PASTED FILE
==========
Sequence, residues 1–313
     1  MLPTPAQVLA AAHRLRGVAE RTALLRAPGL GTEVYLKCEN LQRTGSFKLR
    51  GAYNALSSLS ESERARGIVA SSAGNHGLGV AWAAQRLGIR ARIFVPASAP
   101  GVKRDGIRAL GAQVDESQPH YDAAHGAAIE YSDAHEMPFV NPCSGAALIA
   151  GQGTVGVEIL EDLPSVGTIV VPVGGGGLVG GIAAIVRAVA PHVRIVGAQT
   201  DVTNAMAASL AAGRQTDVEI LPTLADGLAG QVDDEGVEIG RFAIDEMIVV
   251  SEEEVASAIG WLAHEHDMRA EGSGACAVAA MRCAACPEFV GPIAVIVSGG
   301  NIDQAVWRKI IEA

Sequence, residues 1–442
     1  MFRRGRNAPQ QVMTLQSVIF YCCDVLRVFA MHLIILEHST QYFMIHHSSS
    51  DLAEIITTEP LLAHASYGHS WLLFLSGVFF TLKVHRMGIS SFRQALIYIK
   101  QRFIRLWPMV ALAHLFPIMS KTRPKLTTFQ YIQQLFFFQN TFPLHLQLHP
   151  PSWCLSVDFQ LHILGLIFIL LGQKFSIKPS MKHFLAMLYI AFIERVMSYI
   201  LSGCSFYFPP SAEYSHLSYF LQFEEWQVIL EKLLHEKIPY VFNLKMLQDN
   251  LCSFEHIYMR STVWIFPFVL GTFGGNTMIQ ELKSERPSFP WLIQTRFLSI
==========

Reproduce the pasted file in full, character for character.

Sequence, residues 1–313
     1  MLPTPAQVLA AAHRLRGVAE RTALLRAPGL GTEVYLKCEN LQRTGSFKLR
    51  GAYNALSSLS ESERARGIVA SSAGNHGLGV AWAAQRLGIR ARIFVPASAP
   101  GVKRDGIRAL GAQVDESQPH YDAAHGAAIE YSDAHEMPFV NPCSGAALIA
   151  GQGTVGVEIL EDLPSVGTIV VPVGGGGLVG GIAAIVRAVA PHVRIVGAQT
   201  DVTNAMAASL AAGRQTDVEI LPTLADGLAG QVDDEGVEIG RFAIDEMIVV
   251  SEEEVASAIG WLAHEHDMRA EGSGACAVAA MRCAACPEFV GPIAVIVSGG
   301  NIDQAVWRKI IEA

Sequence, residues 1–442
     1  MFRRGRNAPQ QVMTLQSVIF YCCDVLRVFA MHLIILEHST QYFMIHHSSS
    51  DLAEIITTEP LLAHASYGHS WLLFLSGVFF TLKVHRMGIS SFRQALIYIK
   101  QRFIRLWPMV ALAHLFPIMS KTRPKLTTFQ YIQQLFFFQN TFPLHLQLHP
   151  PSWCLSVDFQ LHILGLIFIL LGQKFSIKPS MKHFLAMLYI AFIERVMSYI
   201  LSGCSFYFPP SAEYSHLSYF LQFEEWQVIL EKLLHEKIPY VFNLKMLQDN
   251  LCSFEHIYMR STVWIFPFVL GTFGGNTMIQ ELKSERPSFP WLIQTRFLSI